Tuesday, May 10, 2005

Knot Tying

Today was a short day, with only 2 one hour workshops on our schedule. I was in the 8-10 group, and throughout the morning heard (over and over again) that I looked like I'd just rolled out of bed. The truth wasn't that far off, as I'd actually spent more time in my car getting to class then I had been awake in my own apartment...

My first hour was spent learning how to tie knots. It seems that the medical community has a habit of taking a fairly easy, straight-forward concept and making it ten times more difficult then it should be. I remember having to practice getting my shoelaces in the right place at the right time, and this had the same sort of feel to it. I'm pretty good at being able to watch someone demonstrate it once and then fumble through it on my own, but today my hands and eyes weren't coordinated and I did much better if I had a flow instead of having to stop and work out each step. (here is a picture/video clip of what we were doing; they show the basic square knot but then go on to add all sorts of twisting and wrist flips!) I'm glad have plenty of time to practice before I'm out on the wards.

The second hour was used to teach us how to suture. I had visions of sewing apples or bananas up, but we used "life-like" arms (as life-like as plastic skin with lots tiny little holes from other people's "practice" and bright red foam that would "bleed" (or simply fell apart, as the case may be).) I grew up using a needle and thread, but this was unlike any other sewing I've ever done. The needle is curved, much like a sliver of the moon is, and it was hard for me to manage getting it through and back out at the right spots. After many practice rounds I feel okay with the technique, but worry that I'm going to leave people with crazily shaped scars. I hope they have plenty of long-lasting anesthetic on board too, as it might take me a looong time to get to the end of the wound.... (in the hour long lab I managed 6 stitches without mistakes!)

Today was a glimpse into what the doctor's on TV do, and what people expect that I've already learned how to do. Most think med school teaches you had how to use the fun tools, and how to interview patients without realizing that the majority of my time thus far has been spent in the classroom learning about various disease processes. All of it is important, but things like knot tying and suturing are MUCH more fun.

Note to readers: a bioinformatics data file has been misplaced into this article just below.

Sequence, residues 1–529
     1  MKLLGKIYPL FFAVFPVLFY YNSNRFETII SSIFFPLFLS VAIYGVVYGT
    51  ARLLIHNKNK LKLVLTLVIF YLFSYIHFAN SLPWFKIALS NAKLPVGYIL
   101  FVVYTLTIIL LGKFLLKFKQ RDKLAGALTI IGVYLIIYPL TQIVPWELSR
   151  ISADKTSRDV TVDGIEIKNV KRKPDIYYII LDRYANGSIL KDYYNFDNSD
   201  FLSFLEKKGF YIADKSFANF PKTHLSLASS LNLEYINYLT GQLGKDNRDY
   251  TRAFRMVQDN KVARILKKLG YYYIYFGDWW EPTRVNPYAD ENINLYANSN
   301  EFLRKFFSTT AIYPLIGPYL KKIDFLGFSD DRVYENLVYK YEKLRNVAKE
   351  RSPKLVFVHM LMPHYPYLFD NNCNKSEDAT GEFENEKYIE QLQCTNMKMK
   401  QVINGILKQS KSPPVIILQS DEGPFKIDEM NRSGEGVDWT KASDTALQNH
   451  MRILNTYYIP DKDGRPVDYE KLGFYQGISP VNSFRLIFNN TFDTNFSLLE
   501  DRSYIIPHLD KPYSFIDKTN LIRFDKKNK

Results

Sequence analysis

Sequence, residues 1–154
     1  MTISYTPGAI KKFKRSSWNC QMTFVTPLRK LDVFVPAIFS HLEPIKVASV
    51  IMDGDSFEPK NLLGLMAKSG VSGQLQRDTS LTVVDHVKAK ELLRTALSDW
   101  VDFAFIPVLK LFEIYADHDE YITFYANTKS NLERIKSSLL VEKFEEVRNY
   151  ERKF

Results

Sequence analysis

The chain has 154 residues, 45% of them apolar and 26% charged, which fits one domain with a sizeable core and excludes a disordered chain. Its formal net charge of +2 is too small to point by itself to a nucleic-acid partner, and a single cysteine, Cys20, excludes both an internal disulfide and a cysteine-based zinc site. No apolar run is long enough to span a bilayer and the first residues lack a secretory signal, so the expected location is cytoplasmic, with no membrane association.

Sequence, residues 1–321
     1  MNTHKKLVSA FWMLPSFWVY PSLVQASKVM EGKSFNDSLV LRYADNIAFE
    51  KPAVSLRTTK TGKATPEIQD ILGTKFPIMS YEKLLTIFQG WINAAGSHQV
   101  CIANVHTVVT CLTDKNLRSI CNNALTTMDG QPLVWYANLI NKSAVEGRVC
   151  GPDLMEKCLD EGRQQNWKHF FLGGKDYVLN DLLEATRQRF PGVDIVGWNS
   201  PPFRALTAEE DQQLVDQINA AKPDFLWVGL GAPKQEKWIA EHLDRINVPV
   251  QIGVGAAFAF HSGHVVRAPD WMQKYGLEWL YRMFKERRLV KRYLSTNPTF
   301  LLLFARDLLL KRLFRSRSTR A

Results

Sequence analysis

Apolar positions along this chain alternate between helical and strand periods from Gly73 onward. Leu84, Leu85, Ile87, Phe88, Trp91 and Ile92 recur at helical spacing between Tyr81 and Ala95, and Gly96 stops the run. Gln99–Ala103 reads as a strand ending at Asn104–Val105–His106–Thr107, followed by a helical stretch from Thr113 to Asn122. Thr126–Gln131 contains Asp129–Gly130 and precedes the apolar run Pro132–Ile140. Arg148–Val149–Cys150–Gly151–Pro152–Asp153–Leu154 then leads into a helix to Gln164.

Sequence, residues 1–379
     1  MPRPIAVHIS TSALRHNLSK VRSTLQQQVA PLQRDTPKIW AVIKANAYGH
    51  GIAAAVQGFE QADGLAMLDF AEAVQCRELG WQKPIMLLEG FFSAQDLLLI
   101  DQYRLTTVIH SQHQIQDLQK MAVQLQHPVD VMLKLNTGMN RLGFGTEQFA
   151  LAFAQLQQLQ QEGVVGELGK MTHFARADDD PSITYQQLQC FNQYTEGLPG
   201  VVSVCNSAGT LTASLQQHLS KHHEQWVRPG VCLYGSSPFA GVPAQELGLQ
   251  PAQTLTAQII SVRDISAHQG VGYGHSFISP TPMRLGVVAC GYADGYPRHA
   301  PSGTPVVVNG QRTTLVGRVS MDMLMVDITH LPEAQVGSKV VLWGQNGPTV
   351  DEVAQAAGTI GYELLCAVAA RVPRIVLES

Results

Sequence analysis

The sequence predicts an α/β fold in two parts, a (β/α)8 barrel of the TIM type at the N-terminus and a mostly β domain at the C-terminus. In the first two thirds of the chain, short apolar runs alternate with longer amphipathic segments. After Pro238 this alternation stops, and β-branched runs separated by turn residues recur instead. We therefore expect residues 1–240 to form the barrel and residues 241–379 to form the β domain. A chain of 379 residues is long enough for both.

(knitting: I started and finished another chemo cap yesterday and got another "liner" hat done for the Dulaan project. I skipped out of the last few hours of lecture yesterday to come home and sleep, and the rest of my evening was spent in a post-test daze. Today I hope to work on my striped sweater and need to get some laundry done. (otherwise I'll either being wearing scrub pants or a toga made out of clean sheets tomorrow, and neither is a great way to meet people at the Harlot's shindig...)


Anonymous Bridget said...

I'm confident that if you can learn to knit, you can learn to suture! It must count as practice!

If you don't get your sock yarn in a week, don't panic. My orders from them have taken up to a month.

11:54 AM  
Anonymous Anonymous said...

I'm SO glad you posted the suturing videos. Really! Our PA is class is having final exams this week before we start our rotations, and this is one of the skills that will be on the practical.

I sent the link to my classmates, but wouldn't admit I found it on a knitting blog.

K, the PA student who knits

2:10 PM  
Anonymous Laurie said...

It's like any other skill. Teaching the muscles and neural pathways to do it is slow, tedious, especially when you are feeling production pressure. Then you wonder why it was ever an issue. I had the guys teach me a arthroscopic tie, that you push down the scope, and tighten it after it's out of reach
You should see me reading knitting charts at the speed of snails.

8:11 PM  
Blogger Kristin said...

You will get it. I thought the same thing about knot tying, and then I had to teach the students one day and I had to go hide in the corner and figure out exactly what I was doing so I could come and show them. It becomes second nature. And the suturing will be the same way. Get some rest.

8:48 PM  

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